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Fed: Hedge Funds Get Too Much Credit

In a sign of growing concern, the president of the New York Federal Reserve calls on banks to tighten up their lending to hedge funds.
Ronald Fink and Tim Reason, CFO.com | US
May 16, 2006

Banks should impose stricter lending standards on hedge funds, the president of the Federal Reserve Bank of New York said Tuesday. That is the strongest suggestion yet that bank regulators remain concerned about often incestuous relationships that allow banks to lay off risk to hedge funds, even as those funds borrow from banks to fund their activities.

Speaking at the Third Credit Risk conference at the NYU Stern School of Business, New York Fed president Timothy Geithner echoed former Federal Reserve Chairman Alan Greenspan in nothing "The transfer of credit risk from banks to non banks "probably improves the overall efficiency and resiliency of the system." Unlike Greenspan, however, Geithner stressed the word "probably."

Geithner went on to note that bank regulators have "some concern and unease" based in part on uncertainty. "There's a lot we do not know" about non-bank market participants, he said, referring to largely unregulated hedge funds. He then offered several suggestions, noting that his overall objective was to encourage "greater caution and conservativism" on the part of the banks.

Bank relationships with hedge funds have been the subject of recent industry efforts at self-regulation, notably the 273-page report of the Counterparty Risk Management Policy Group II. Produced by Gerald Corrigan, a former Federal Reserve official who conducted a bank-sponsored postmortem on Long Term Capital Management, the report painted a rosy picture of improvements in the financial world's handle on market and credit risk, but warned that operational risks resulting from the rapid rise in the use of credit derivatives and other financial innovations could, under the wrong circumstances, spiral out of control.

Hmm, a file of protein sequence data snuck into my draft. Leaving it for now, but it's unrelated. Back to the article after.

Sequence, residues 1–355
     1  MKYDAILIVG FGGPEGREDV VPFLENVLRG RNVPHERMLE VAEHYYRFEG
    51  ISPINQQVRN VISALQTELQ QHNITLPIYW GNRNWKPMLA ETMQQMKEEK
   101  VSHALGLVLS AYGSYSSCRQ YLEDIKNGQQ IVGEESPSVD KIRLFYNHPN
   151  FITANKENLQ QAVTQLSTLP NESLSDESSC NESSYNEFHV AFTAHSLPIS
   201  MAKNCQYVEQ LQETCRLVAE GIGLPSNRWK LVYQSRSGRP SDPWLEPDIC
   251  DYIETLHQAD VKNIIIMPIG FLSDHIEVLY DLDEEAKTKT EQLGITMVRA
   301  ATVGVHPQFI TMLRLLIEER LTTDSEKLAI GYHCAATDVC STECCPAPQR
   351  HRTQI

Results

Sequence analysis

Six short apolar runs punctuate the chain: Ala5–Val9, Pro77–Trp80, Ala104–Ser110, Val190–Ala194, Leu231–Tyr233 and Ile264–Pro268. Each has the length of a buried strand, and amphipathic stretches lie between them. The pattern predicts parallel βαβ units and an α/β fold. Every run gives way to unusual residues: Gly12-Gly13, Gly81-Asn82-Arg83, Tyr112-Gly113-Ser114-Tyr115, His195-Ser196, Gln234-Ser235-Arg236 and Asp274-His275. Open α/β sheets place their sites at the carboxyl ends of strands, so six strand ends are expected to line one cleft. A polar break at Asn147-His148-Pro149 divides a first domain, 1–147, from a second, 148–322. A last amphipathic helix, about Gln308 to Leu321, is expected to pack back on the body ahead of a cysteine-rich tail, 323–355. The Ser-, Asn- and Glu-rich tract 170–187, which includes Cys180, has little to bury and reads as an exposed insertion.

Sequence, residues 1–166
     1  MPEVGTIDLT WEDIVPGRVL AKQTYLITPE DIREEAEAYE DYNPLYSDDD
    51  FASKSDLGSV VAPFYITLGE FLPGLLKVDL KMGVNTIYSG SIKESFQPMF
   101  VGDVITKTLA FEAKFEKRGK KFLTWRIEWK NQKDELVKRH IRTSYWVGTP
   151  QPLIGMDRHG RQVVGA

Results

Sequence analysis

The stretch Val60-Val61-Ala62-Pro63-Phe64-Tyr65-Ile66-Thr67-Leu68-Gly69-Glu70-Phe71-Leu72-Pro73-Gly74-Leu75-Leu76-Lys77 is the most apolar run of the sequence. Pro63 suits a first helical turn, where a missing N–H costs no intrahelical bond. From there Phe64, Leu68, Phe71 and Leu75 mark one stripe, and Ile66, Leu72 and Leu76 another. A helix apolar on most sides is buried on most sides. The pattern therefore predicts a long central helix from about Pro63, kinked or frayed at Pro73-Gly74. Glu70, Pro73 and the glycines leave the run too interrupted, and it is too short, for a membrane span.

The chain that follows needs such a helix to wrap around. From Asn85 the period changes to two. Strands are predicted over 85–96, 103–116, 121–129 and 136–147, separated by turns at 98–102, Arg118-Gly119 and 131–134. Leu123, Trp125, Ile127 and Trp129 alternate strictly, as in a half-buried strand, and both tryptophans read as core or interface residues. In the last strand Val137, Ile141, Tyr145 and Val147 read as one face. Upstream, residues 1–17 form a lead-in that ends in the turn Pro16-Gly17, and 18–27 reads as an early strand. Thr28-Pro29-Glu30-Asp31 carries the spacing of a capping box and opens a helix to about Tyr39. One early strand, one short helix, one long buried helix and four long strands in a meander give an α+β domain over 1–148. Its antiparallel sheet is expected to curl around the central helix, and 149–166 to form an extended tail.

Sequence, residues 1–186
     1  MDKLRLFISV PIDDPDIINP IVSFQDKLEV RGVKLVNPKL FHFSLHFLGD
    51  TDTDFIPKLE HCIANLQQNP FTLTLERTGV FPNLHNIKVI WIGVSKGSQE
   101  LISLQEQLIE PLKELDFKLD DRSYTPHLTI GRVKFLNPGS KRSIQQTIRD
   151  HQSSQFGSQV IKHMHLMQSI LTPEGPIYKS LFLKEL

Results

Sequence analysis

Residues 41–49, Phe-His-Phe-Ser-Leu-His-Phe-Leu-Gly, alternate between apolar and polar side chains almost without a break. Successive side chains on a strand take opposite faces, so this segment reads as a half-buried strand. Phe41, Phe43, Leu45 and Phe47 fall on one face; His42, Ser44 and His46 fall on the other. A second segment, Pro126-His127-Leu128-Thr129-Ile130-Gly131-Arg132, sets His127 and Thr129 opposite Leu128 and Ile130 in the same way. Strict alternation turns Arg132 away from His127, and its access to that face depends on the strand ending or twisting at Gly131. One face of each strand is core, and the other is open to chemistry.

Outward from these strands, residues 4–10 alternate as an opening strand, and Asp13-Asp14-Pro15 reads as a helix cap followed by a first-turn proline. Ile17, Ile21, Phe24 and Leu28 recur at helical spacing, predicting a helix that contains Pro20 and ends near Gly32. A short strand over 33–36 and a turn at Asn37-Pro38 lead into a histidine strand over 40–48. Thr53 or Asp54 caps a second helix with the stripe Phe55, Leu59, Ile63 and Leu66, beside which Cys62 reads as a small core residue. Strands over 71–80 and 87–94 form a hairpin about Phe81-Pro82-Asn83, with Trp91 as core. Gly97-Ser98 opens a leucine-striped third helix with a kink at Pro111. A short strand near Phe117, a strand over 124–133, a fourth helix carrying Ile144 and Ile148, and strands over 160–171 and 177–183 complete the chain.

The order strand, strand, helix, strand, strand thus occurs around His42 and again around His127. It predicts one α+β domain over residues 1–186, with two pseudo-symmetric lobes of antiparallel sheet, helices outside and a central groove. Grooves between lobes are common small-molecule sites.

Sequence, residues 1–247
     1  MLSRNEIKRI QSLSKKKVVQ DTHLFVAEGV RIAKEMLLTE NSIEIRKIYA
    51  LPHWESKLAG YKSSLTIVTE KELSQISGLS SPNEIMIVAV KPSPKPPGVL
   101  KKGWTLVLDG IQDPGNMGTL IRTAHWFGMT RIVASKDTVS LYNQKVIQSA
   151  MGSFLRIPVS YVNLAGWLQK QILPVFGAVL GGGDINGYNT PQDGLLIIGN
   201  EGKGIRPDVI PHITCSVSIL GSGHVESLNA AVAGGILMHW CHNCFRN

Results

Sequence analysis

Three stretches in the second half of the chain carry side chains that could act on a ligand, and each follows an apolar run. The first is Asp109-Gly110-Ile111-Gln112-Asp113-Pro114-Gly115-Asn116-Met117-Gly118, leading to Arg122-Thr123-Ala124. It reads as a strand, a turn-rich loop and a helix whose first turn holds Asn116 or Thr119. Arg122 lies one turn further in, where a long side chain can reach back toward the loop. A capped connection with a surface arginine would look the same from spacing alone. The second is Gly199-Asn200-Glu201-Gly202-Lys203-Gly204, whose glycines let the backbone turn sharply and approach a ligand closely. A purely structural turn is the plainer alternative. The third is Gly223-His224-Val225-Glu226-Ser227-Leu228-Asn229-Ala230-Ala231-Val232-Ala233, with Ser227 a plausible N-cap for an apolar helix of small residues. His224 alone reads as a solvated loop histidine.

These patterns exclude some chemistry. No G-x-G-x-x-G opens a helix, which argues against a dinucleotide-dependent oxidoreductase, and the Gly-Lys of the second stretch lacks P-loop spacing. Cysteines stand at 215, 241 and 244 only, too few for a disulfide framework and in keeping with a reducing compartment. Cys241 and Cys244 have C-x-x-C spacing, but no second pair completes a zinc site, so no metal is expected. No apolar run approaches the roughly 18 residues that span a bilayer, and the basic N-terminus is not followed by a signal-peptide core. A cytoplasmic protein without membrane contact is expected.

That's a reference to the fact that banks and hedge funds frequently trade credit default swaps, but poor systems for recording those trades have created a backlog. In the case of a massive credit meltdown, that could make it difficult to find the ultimate owner of the swaps. Despite improvements, said Geithner, the operational infrastructure and that backlog of unconfirmed trades is an ongoing source of concern.

Geithner saved his strongest comments, however, for bank lending practices, noting that the Fed wants to see more conservative behavior on the part of banks. He said the Fed is concerned about the "very favorable credit conditions for hedge funds," citing "erosion in loan covenants" and "higher levels of transaction leverage." Banks, he said, should tighten their margin requirements, for hedge funds.

Geithner also seemed to cast doubt on the Corrigan report's confident assertions about the banking industry's use of stress testing and scenario analysis. The Fed, he noted, was encouraged by improvements in these areas, but stressed that banks ought to be wary of relying too heavily on such tools. "[Bank] management needs to understand the limitations and uncertainty of the tools they use for scenario analysis and stress testing," said Geithner.




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